Of course, there’s a problem. The banks want the Fed to give the money to them and not to the people. They want to loan it to government and the people so they profit from interest on debt. And, as Neil Barofsky the Former TARP Director told Jon Stewart, “The banks still hold guns to our heads.”
We can see the banks’ power in Obama’s appointment of Mary Jo White to the SEC. She represented an A-list of big banks and major corporations in her New York law firm. Among them are several Fortune 100 companies — JPMorgan Chase, General Electric, Microsoft, Hess and Verizon — Switzerland’s largest bank and the world’s biggest automaker, Toyota. Jamie Dimon, CEO of JP Morgan, calls her a perfect pick, while professionals at SEC say she will have a “chilling effect on enforcement.” (Dimon, had his pay cut in half to $11.5 million by the JP Morgan board because of the $6 billion investment scandal.) White is part of the revolving door between Wall Street and Washington, one that Tim Geithner is ready to profit from.
Recent news shows how ruthless the banks are. A trove of emails uncovered in litigation by an investor against JP Morgan found that the bank, Bears Stearns and Washington Mutual sold securities they knew were bad. And, the Royal Bank of Scotland was fined £390m ($611 million) for ‘widespread misconduct’ in Libor-rigging scandal. These powerful central banks meet each month at the Swiss based Bank for International Settlements for secret Global Economy Meetings that determine world finance.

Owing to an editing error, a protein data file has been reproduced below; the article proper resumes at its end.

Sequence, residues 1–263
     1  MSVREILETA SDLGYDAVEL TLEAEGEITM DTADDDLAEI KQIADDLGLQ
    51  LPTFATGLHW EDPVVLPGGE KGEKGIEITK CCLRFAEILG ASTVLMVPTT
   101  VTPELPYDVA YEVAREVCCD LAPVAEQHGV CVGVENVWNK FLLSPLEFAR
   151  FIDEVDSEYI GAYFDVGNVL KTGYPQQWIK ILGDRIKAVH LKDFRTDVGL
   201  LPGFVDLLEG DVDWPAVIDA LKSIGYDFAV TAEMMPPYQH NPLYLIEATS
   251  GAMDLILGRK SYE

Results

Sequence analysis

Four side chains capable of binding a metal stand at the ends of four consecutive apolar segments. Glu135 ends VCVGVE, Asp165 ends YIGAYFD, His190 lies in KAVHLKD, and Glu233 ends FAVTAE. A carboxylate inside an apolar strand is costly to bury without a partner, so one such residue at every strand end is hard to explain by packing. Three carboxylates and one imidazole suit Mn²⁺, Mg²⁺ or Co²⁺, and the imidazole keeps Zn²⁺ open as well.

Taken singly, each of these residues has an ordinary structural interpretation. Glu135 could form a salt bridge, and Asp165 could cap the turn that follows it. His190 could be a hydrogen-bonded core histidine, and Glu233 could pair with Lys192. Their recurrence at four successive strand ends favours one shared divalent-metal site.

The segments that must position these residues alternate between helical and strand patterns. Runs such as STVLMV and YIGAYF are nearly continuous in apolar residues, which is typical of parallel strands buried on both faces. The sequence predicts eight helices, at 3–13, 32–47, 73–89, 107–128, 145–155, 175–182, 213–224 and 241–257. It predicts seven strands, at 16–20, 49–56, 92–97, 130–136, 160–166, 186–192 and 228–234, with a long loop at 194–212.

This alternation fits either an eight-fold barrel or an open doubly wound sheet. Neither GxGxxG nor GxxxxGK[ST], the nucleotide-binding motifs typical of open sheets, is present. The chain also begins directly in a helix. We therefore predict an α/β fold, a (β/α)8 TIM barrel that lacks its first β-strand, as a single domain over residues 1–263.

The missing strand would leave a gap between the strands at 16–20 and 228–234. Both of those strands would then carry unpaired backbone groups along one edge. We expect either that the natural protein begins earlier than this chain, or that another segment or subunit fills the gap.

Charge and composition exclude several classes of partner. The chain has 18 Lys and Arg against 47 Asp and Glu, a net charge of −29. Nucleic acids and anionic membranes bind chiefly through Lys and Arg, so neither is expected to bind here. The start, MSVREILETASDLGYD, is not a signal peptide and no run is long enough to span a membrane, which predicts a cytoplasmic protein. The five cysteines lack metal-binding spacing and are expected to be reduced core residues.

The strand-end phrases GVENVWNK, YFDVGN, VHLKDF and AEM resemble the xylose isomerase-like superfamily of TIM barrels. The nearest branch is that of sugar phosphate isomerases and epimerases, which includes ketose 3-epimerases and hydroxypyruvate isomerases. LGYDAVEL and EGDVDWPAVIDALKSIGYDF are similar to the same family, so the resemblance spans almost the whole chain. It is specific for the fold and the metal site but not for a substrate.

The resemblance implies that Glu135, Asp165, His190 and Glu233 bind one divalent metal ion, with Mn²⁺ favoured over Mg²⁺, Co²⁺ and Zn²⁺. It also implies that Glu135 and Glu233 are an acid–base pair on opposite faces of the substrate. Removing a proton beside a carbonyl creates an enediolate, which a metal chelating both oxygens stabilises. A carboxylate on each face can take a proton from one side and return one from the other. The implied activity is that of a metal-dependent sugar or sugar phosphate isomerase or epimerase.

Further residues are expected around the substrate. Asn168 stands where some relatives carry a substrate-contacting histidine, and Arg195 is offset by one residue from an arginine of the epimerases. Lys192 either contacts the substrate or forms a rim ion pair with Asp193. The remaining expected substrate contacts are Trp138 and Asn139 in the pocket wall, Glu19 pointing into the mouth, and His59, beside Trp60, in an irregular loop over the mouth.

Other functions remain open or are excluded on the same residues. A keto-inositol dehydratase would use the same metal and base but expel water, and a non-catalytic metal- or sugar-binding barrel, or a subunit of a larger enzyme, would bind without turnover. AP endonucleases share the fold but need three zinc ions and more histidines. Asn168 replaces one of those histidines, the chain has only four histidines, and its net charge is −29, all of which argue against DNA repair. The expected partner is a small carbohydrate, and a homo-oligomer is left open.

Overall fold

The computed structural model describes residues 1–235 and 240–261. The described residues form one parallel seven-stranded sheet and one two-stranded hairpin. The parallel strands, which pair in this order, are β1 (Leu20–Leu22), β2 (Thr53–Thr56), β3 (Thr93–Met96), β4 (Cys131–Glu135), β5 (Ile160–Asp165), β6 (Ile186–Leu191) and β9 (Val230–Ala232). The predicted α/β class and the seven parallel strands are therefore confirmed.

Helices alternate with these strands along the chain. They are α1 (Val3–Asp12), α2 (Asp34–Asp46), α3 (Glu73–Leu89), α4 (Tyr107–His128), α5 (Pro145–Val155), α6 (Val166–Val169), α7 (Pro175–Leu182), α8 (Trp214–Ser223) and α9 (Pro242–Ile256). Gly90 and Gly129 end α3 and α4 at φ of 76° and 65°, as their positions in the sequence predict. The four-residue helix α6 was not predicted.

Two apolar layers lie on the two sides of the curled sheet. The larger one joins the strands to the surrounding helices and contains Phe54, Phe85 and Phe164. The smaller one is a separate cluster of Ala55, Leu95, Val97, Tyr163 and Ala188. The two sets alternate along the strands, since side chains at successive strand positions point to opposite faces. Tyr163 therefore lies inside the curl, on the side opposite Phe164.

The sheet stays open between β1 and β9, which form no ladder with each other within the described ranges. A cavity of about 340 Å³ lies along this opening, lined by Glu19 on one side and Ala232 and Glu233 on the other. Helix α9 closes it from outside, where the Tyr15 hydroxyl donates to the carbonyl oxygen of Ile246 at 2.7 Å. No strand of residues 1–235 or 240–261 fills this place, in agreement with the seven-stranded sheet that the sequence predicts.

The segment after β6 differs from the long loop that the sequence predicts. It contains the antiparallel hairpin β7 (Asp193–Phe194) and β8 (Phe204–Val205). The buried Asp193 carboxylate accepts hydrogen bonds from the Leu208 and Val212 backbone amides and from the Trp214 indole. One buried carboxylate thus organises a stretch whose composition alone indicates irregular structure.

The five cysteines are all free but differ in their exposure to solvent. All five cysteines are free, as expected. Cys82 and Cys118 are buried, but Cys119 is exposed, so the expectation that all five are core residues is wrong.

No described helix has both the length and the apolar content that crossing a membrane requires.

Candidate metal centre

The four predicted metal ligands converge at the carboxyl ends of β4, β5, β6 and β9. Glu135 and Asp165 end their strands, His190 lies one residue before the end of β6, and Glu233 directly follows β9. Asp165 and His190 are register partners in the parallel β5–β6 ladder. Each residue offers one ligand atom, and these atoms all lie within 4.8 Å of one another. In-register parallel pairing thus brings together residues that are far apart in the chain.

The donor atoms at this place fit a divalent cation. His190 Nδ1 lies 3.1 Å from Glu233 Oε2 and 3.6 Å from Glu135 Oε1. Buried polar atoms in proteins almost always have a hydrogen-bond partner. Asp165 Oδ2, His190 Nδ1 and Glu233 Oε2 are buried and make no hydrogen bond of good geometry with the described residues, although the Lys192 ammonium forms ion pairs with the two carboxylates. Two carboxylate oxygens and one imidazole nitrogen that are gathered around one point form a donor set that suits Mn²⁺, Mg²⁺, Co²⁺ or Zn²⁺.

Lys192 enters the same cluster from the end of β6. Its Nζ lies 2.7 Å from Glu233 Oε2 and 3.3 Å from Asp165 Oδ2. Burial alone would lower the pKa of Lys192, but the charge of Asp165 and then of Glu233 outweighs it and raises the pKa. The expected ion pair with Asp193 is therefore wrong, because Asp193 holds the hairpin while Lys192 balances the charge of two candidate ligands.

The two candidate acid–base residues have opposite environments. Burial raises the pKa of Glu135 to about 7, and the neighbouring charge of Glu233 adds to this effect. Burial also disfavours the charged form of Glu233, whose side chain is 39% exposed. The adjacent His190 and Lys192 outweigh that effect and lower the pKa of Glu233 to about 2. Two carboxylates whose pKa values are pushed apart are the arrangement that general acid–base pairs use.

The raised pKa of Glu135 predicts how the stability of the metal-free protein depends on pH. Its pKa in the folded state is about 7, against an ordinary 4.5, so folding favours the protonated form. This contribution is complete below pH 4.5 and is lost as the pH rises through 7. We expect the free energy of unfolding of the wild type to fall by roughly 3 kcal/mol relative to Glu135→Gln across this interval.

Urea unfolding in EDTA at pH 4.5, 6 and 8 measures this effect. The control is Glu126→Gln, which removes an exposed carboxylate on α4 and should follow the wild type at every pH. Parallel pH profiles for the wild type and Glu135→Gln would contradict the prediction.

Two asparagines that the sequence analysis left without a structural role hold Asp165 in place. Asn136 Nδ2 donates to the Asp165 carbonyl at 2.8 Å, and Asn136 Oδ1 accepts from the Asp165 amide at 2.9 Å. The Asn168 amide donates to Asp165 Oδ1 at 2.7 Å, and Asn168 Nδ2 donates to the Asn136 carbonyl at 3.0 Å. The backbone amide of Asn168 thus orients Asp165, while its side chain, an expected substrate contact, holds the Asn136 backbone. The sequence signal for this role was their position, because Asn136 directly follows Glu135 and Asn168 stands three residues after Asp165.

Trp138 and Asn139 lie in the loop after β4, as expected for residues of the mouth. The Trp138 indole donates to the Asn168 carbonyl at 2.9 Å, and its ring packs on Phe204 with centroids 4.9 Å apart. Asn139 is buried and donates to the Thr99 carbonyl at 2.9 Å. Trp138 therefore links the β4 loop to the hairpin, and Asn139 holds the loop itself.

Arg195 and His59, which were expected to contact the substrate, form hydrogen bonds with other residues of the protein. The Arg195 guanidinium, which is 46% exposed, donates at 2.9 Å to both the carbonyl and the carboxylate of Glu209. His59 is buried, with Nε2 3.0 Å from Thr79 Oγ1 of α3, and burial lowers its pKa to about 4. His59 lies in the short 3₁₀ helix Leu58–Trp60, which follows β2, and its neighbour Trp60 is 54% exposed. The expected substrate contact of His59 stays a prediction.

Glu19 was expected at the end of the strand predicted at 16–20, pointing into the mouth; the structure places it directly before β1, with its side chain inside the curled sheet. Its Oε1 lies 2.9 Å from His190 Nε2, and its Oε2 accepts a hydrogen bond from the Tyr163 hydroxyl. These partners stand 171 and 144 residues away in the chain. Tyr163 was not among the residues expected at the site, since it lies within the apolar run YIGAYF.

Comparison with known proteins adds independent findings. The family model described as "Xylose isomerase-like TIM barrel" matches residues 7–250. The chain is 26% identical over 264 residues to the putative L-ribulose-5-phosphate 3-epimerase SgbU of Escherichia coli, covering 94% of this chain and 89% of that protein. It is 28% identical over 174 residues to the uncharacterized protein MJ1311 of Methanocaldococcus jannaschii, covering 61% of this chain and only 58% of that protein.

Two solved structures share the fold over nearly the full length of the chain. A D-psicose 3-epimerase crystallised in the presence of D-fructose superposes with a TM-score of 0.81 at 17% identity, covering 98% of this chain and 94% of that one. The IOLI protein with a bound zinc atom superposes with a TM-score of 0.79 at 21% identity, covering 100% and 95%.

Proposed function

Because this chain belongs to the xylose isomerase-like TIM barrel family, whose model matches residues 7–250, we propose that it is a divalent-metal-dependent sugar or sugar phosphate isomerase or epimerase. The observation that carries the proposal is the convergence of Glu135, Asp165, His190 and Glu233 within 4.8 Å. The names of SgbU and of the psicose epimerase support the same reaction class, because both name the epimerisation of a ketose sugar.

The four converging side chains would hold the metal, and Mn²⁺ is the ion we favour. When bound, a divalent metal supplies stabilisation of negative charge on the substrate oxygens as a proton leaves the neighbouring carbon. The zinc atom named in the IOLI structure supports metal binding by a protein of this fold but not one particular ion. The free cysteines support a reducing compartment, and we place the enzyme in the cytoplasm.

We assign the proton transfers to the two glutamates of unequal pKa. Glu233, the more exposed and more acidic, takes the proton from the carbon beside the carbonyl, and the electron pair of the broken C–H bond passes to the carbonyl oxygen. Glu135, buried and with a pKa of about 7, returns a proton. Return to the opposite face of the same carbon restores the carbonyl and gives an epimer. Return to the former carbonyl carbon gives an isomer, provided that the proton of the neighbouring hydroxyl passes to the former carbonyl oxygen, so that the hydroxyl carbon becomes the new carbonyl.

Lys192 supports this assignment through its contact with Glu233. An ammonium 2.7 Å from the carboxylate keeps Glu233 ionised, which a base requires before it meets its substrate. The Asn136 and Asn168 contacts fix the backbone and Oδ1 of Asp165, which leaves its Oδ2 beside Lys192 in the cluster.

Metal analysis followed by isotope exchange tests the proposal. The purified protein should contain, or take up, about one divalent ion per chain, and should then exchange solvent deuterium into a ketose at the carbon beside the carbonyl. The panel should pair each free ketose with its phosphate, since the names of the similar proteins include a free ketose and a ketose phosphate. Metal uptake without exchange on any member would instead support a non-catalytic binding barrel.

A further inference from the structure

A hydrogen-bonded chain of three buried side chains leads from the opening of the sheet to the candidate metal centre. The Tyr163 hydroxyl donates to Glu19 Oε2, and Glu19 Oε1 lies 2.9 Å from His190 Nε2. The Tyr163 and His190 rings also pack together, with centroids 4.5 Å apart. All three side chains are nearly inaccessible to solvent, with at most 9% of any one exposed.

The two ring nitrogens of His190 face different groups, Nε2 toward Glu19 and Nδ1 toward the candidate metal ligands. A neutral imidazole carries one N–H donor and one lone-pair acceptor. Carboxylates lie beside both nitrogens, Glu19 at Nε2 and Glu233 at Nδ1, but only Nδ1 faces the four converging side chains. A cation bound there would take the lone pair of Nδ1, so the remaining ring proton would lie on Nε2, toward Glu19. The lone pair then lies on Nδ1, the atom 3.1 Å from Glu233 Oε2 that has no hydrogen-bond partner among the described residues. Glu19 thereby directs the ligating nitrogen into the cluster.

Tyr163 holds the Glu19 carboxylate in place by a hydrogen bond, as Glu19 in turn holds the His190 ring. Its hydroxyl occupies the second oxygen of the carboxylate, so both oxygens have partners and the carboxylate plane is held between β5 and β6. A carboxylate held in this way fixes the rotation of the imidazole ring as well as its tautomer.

The banks have the government game rigged. It is time to break their power. People are getting organized and active trying to do so. The Public Banking Institute will be holding its annual conference this June in California. We will be speaking along with Matt Taibbi, Ellen Brown and a host of others who want to see public banks as an alternative to Wall Street domination of the economy. Sign up here. Wresting control of money and government from the big banks is one of the most important priorities for the nation.
We don’t expect the ideas in this email to be talked about in Washington, DC, and they were not included in the State of the Union, because our dysfunctional government controlled by Wall Street banking interests and has lots of taboo topics and facts they will not consider. Sadly, we did hear more talk of the Grand Bargain (aka Charade), with cuts to Social Security, Medicare and Medicaid.
As usual, there are solutions to the problems the country faces. We can end the economic collapse, transform the economy to a clean sustainable and democratic one as well as create jobs. A corrupt and dysfunctional government and a still mostly idle public are the only things stopping us.
Kevin Zeese JD and Margaret Flowers MD co-host ClearingtheFOGRadio.org on We Act Radio 1480 AM Washington, DC and on Economic Democracy Media, co-direct It’s Our Economy and were organizers of the Occupation of Washington, DC. Their twitters are @KBZeese and @MFlowers8.
This article is based on a weekly newsletter from It’s Our Economy. You can sign-up here to receive this free newsletter.